Swept from Pinus nigra.

The known range includes several other Balkan countries, as well as Austria and Sicily (Italy) (Blank et al. 2013).

Other species recorded in Bulgaria by MP and AL in 2018

The following species are already more or less well documented as occurring in Bulgaria. Nevertheless, in the context of their presence in the coastal areas of south-eastern Bulgaria (all of our localities in Burgas and Varna provinces), they are collectively of biogeographical interest. We list them here only with the names of the provinces in which we collected specimens.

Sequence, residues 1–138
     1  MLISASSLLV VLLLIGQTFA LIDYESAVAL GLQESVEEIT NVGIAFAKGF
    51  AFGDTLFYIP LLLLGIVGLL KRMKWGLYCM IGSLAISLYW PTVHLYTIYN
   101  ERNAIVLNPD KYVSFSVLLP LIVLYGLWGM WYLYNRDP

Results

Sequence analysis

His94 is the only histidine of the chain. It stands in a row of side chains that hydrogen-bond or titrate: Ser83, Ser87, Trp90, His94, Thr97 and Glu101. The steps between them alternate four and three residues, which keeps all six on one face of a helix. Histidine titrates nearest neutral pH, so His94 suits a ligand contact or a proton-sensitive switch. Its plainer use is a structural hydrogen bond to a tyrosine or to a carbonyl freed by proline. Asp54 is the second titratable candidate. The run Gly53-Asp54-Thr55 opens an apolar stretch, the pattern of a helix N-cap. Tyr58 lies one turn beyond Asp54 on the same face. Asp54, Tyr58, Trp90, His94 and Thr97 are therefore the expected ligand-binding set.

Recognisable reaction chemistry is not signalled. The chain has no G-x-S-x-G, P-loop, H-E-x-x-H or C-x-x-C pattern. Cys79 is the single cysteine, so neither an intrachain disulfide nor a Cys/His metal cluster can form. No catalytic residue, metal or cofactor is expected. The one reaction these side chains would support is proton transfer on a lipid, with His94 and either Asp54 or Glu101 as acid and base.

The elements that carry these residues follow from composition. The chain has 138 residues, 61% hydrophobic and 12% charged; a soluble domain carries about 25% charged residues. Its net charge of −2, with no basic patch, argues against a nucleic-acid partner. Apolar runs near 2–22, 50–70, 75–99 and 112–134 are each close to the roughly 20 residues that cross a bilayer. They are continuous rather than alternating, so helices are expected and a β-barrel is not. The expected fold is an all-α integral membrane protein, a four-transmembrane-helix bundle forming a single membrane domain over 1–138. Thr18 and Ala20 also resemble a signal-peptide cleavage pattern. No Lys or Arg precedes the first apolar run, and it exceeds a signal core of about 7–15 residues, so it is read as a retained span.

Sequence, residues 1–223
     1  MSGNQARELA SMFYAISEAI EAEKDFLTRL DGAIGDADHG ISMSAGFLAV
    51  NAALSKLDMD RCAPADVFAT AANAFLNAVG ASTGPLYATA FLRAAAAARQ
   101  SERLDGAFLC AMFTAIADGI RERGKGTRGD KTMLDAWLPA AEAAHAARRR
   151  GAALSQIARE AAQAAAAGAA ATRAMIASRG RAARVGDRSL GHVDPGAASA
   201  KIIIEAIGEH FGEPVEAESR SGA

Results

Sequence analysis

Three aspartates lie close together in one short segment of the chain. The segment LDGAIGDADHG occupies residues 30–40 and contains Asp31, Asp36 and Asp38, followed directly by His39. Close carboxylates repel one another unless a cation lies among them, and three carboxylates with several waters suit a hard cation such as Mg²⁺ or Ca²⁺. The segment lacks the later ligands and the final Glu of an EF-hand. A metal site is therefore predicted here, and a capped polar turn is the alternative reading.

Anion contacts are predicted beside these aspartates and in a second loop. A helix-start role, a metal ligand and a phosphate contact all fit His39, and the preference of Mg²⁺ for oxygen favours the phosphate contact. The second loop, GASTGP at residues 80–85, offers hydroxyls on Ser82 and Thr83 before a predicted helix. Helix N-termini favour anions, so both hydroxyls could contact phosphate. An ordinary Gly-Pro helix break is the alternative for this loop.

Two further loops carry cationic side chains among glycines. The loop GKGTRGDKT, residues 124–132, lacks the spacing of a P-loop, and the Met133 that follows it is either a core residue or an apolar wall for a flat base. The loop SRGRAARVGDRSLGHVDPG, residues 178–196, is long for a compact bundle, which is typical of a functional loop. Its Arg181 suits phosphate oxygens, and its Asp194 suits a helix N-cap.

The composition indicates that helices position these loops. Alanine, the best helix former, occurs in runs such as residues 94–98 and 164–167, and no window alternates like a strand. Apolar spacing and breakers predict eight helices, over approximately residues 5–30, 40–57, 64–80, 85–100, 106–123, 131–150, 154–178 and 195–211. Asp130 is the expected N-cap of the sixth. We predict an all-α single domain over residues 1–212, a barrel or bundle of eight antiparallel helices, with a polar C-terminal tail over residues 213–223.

Argidae: Arge nigripes (Retzius, 1783) (Burgas, Sliven), A. ustulata (Linnaeus, 1758) (Burgas). Cephidae: Cephus nigrinus Thomson, 1871 (Burgas). Pamphiliidae: Acantholyda erythrocephala (Linnaeus, 1758) (Burgas), Neurotoma nemoralis (Linnaeus, 1758) (Sliven), Pamphilius alternans (Costa, 1860) (Burgas, Sliven). Tenthredinidae: Aglaostigma aucupariae (Klug, 1817) (Burgas, Varna, Sliven), A. fulvipes (Scopoli, 1763) (Sliven), Ametastegia carpini (Hartig, 1837) (Burgas), A. tenera (Fallén, 1808) (Varna), Athalia bicolor Serville, 1823 (Burgas), A. cordata Serville, 1823 (Burgas, Varna, Sliven), A. liberta (Klug, 1815) (Sliven), Cladius compressicornis (Fabricius, 1804) (Burgas), C. pectinicornis (Geoffroy, 1785) (Burgas), Claremontia alternipes (Klug, 1816) (Burgas, Varna), C. waldheimii (Gimmerthal, 1847) (Varna), Dolerus gonager (Fabricius, 1781) (Burgas, Varna), D. haematodes (Schrank, 1781) (Pazardzhik), D. nigratus (O.F. Müller, 1776) (Varna), D. picipes (Klug, 1818) (Burgas), D. puncticollis Thomson, 1871 (Burgas, Varna), D. sanguinicollis (Klug, 1818) (Sliven), D. triplicatus (Klug, 1818) (Burgas), D. vestigialis (Klug, 1818) (Burgas, Varna), Empria sexpunctata (Serville, 1823) (Burgas, Varna), Eutomostethus luteiventris (Klug, 1816) (Varna), Halidamia affinis (Fallén, 1807) (Burgas , Varna, Sliven), Hoplocampa brevis (Klug, 1816) (Burgas, Pazardzhik), H. minuta (Christ, 1791) (Burgas), Macrophya albicincta (Schrank, 1776) (Sliven), M. alboannulata Costa, 1859 (Burgas, Pazardzhik, Varna, Sliven), Mesoneura opaca (Fabricius, 1775) (Burgas, Varna), Monophadnoides rubi (T. W. Harris, 1845) (Burgas), M. ruficruris (Brullé, 1832) (Varna, Sliven), Monophadnus pallescens (Gmelin, 1790) (Burgas, Varna, Sliven), Monsoma pulveratum (Retzius, 1783) (Varna, Sliven), Periclista species (approx. 7 species, not yet determined: Burgas, Varna, Sliven). Phymatocera aterrima (Klug, 1816) (Varna, Sliven), Pristiphora insularis Rohwer, 1910 (Burgas, Varna), Rhogogaster chambersi Benson, 1947 (Sliven), Tenthredo dahlii Klug, 1817 (Burgas, Sliven), T. zona Klug, 1817 (Burgas).